magnifying glass Observation: The First Step in the Scientific Method

"People can often learn about things around them by just observing those things carefully, but sometimes they can learn more by doing something to the things and noting what happens. Describing things as accurately as possible is important in science because it enables people to compare their observations with those of others.

Tools such as thermometers, magnifiers, rulers, or balances often give more information about things than can be obtained by just observing things without their help."
Science NetLinks Benchmark 1
- Nature of science - How science works

Observations are also called data. There are two kinds of data.

- Qualitative data which are descriptions that do not have numbers.

The farmer noticed that the leaves of much of his lettuce crop were turning brown and shriveling., is an example of qualitative data.

- Quantitative data are obtained by making measurements and have numbers.
Scientists use instruments (tools) to obtain numbers based data.

The driest month in Miami, Florida is January with 1.88 inches of precipitation. There is 66% Sunshine hours. With 8.63 inches of precipitation, August is the wettest month. Still Miami's August has 71% Sunshine hours. - is an example of quantitative data.

It is important to be a careful observer. Small details can be the important clues that lead the investigator to the answer to a question.

Jay was walking along a country road when he saw this stuff in the creek.


Click here for a closer view. Use the Back Button of your browser to return to this web page.

1. Write your observations


2. Imagine - If you were standing in the scene:

What tools (instruments) would help you to gather critical data?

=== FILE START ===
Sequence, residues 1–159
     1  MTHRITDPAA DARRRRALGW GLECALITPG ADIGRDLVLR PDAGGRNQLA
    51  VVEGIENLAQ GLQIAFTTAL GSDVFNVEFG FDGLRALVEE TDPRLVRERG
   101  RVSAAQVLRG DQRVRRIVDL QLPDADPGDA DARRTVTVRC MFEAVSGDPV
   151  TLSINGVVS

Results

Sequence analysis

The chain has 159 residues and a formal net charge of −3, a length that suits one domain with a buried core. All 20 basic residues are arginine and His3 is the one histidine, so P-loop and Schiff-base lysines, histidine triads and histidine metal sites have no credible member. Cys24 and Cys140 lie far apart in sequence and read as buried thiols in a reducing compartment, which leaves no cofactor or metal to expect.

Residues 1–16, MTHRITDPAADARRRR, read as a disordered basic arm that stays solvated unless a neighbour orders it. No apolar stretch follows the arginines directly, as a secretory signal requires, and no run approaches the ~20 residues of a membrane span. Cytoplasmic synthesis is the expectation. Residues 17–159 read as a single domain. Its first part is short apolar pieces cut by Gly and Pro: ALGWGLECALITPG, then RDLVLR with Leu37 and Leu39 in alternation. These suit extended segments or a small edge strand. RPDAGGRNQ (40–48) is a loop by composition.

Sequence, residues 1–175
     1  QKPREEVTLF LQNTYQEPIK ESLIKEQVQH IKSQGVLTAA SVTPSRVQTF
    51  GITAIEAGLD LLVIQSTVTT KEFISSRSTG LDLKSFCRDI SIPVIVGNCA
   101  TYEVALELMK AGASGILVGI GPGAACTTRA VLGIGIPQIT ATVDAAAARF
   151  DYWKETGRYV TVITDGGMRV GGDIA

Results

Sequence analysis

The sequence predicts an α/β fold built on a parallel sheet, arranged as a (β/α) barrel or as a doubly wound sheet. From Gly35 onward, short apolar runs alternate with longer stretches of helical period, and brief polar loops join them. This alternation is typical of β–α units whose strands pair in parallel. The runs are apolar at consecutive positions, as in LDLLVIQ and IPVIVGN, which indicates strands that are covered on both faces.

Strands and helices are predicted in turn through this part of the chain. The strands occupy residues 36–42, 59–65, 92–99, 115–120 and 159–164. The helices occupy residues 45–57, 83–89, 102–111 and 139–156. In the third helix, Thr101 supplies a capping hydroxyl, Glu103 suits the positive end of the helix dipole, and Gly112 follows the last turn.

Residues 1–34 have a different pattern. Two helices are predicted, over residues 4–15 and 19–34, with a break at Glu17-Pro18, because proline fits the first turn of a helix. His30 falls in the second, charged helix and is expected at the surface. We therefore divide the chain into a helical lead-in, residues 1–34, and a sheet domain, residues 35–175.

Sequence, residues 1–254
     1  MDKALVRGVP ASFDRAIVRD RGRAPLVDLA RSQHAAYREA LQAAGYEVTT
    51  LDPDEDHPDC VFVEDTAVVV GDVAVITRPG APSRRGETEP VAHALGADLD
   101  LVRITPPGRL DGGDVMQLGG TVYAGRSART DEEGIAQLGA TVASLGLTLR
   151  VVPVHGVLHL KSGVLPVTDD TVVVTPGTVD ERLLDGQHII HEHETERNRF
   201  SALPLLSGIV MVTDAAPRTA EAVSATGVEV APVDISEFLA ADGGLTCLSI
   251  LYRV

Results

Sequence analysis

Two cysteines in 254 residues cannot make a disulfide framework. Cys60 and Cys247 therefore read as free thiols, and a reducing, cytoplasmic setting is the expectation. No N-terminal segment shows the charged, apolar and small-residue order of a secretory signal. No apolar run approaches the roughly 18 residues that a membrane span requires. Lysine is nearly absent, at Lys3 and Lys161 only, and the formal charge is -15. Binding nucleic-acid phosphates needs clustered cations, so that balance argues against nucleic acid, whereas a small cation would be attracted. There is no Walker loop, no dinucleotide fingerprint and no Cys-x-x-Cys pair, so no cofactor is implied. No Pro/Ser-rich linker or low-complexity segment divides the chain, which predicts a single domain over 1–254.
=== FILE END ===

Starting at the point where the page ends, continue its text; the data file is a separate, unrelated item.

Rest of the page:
3. Take a guess (form a hypothesis) - What happened here?


Scientists seek to answer questions. They make observations as the first step to the scientific method.

4. Based on your observations, would you advise consuming any water from the creek?


If there is magic on this planet, it is contained in water." Loran Eisely, The Immense Journey, 1957

Explore further:

About Units of Measurement - IB Biology | Observing Biology how to's

Monitoring and Assessing Water Quality | The Water Cycle | Common Measuring Water - USGS

Steps of the Scientific Method - Science Buddies | Learn about the Scientific Method

Observation Science Skills Builders | The Scientific Process

Bluebirds Project | Fields, Meadows and Fencerows EcoStudy Unit | Wetlands EcoStudy Unit | Water and Watershed Studies

meter ruler

All trademarks, copyright and logos belong to their respective owners.

Internet Hunts / Nature / Computers / Pennsylvania Projects / Water and Watersheds unit / Puzzles & Projects / Site map / Mrs O's House

Cynthia J. O'Hora Posted 3/2009 released to free use in a nonprofit setting.
Aligned with Pennsylvania Academic Standards | Rubric Template at Bernie Dodge site

tree icon Save a tree - use a Digital Answer Format - Highlight the text. Copy it. Paste it in a word processing document. Save the document in your folder. Answer on the word processing document in an easily read, contrasting color (Not yellow ) or font. Avoid fancy fonts like: Symbols, Techno, blakmore fancy font fonts). Save frequently as you work. I have never liked losing my work. You will not like it either. Be sure to enter your name & the date at the top of the document, in a header. Submit the assignment via email attachment or electronic class dropbox. Bad things happen: Save a copy of the response document for your records.

Proof your responses. It is funny how speling errors and typeos sneak in to the bets work. smiling icon Make your own printer paper answer sheet